Aliraza presented some of Comcast’s insights from working with DDC/DDBR (Distributed Disaggregated Chassis/Backbone Router) architecture, sometimes referred to as “virtual chassis,” and discussed how disaggregation helps simplify Comcast’s operational complexities.
The changing large-scale IP network landscape
The session highlighted the fact that large-scale IP networks are complex and growing at an ever-increasing rate. This growth and complexity are driven by three major factors: new tech (e.g. gaming); same tech but consumed differently (e.g. working from home); and same tech but more of it (e.g. video streaming).
Making things even more complex for internet/communications service providers (ISPs/CSPs) are new technologies coming into commercialization (e.g. 5G and 6G mobile), DOCSIS 4.0 evolution, and commercial service port growth. This last point is loosely observed by interface speeds evolving from 100G to 400G, 800G, and 1200G (1.2Tbps) – and even higher.
One fact emphasized is that internet traffic has grown a whopping 1,355% in the last two decades. This is roughly when I joined this industry, and back then it already felt like the internet was everything. So how big could it get? Well, 1,355% bigger at least…
Meeting network challenges with a DDC/DDBR solution
All these challenges are driving Comcast to reach a clear conclusion. Since current traditional solutions limit the operator’s potential and aspirations, there is a need to seek out alternative routing solutions. More specifically, the disaggregated router approach is improving Comcast’s cost structure and giving the operator better control over its network and how fast it can evolve and innovate.
Aliraza related to the actual DDC/DDBR implementation tested by Comcast with some assistance from DriveNets’ Idris Jafarov, Delivery Team Leader. This implementation removed the major concern of expected complexity for managing a multi-device cluster of white boxes vs. a single-chassis device, thanks to a streamlined user experience enabled by an orchestration platform.
Looking forward, Comcast was said to be focused on Open Offload API. This enables open ecosystem development and mounting of third-party functions on top of the DDC/DDBR cluster as implemented by DriveNets (along with other industry players such as Palo Alto Networks and VMware).
Delivering operational value from DDC architecture
A key point raised was the improved sustainability offered by standard white boxes. These devices can be purposed to implement different network functions at different scale, and, as such, enjoy extended lifespans in any production network. While this was something that could not have been tested in the lab, it is already clear that this is an attribute that cannot be obtained with single-purpose, monolithic, chassis-based, router implementations.
At the end of the session, Aliraza shared some impressive numbers relating to the operational impact of implementing DDC/DDBR. “With this disaggregated solution we were able to reduce power consumption by 48% when compared to traditional routers. We also increased port capacity by 2.5 times when compared to traditional routers,” he said.
DriveNets is a leader in providing DDC solutions
With DriveNets’ DDC architecture, there is no ‘domino effect’ of failures, and it can be done easily and on the fly without a maintenance window. Since all components are separated, if there are any issues, they are isolated to their specific units, and as such, the blast radius is controlled. The Distributed Disaggregated Chassis (DDC) white box architecture adopted by DriveNets employs a separate line card system for packet forwarding (Network Cloud Packet Forwarder – NCP) and for fabric system (Network Cloud Fabric – NCF). As such, failure of any of these components does not affect the rest of the cluster in any way, and can be replaced immediately without scheduling and waiting for a maintenance window.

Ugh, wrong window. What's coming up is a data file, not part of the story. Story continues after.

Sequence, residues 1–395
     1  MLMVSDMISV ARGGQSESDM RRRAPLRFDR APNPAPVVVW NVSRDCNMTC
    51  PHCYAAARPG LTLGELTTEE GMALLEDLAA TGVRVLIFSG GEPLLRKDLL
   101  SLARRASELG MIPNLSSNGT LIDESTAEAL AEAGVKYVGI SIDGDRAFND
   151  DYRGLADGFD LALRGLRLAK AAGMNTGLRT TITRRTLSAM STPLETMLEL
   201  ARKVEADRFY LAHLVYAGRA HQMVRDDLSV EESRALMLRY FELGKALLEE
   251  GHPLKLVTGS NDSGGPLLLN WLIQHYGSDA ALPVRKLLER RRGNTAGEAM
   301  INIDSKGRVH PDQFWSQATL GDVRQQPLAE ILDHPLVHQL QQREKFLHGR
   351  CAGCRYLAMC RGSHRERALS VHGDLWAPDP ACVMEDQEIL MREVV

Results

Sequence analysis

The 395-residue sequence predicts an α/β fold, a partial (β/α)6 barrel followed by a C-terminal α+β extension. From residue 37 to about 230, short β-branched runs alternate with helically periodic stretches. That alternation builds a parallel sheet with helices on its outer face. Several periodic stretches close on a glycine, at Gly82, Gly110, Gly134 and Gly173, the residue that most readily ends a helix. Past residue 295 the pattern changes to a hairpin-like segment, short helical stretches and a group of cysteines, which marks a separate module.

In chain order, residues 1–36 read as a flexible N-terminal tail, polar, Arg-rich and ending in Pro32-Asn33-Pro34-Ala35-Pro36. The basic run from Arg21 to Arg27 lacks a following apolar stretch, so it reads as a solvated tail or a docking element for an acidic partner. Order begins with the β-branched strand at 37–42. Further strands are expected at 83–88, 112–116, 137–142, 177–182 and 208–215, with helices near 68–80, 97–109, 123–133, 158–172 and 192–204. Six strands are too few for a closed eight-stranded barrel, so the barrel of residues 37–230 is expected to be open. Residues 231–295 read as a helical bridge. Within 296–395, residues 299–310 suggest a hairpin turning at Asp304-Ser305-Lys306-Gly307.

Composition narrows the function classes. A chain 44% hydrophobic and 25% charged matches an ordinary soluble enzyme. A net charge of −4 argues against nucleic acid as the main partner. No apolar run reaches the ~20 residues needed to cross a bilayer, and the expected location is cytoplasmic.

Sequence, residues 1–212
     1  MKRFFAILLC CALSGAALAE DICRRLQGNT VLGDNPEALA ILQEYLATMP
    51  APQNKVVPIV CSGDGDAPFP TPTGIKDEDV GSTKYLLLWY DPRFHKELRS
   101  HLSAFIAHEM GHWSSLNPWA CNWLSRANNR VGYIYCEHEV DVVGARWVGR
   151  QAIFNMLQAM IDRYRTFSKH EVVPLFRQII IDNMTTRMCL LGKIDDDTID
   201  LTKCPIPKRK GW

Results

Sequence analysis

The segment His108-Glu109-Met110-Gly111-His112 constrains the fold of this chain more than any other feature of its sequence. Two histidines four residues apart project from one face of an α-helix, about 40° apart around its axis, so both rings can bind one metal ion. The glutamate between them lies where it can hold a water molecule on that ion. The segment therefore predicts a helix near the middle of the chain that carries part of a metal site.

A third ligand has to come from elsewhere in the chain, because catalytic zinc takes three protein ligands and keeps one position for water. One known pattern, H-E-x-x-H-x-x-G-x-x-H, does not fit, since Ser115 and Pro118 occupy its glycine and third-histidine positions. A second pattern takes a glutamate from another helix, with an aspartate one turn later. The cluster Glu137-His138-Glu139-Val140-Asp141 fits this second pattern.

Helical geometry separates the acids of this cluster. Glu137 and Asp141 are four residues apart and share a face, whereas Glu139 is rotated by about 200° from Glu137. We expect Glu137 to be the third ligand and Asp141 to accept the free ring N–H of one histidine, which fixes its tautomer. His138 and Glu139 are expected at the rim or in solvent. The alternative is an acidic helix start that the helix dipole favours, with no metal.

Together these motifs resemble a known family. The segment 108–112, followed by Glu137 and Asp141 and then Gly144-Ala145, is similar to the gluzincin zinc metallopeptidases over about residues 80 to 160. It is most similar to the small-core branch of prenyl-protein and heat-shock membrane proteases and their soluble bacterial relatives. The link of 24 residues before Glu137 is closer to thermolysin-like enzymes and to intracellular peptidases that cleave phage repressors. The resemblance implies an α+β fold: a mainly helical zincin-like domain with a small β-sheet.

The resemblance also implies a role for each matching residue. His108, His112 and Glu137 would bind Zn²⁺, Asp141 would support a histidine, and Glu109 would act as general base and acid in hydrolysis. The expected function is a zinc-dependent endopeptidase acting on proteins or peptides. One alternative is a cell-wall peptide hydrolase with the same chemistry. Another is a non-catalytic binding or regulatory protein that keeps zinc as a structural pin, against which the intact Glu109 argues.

DriveNets is the leading provider of DDC solutions, with DriveNets Network Cloud serving as the NOS and multiple ODMs vendors, as the hardware partners. DriveNets Network Cloud was among the first vendors to be awarded a Telecom Infra Project (TIP) Requirements Compliant Ribbon for its Distributed Disaggregated Backbone Router (DDBR) extension of OCP DDC.
Making the transition to DDC network architecture
Disaggregated, distributed, cloud-based network architectures offer a number of benefits for network providers, including reduced costs, eliminated [or: reduced] vendor lock-in, faster innovation, enhanced flexibility, increased scalability, and improved performance. However, network providers need to be aware of the operational impacts of supporting this type of modern network architecture, such as the need for reliable and field-proven orchestration, automation, and analytics tools.
The transition to a disaggregated, distributed, cloud-based network architecture is not without its challenges. However, the benefits offered by DDC architecture make it an attractive option for CSPs willing to invest in the future of networking.
Aliraza Bhimani’s presentation at NANOG 87 serves as a timely reminder of the operational impacts and considerations organizations must take into account when adopting this revolutionary network architecture.
Related DDC network architecture resources
- AI Sparks Change for MSO Networks
- Comcast experience using DDC – The Operational Impacts of Supporting a Disaggregated, Distributed, Cloud-based Network Architecture
- A Technical Analysis Of A Distributed Disaggregated Chassis Architecture
- Top 5 Benefits of a DDC Architecture for MSO Networks
- The Critical Steps to transform Cable Provider Networks in 2021 and Beyond
Introducing DriveNets Network Cloud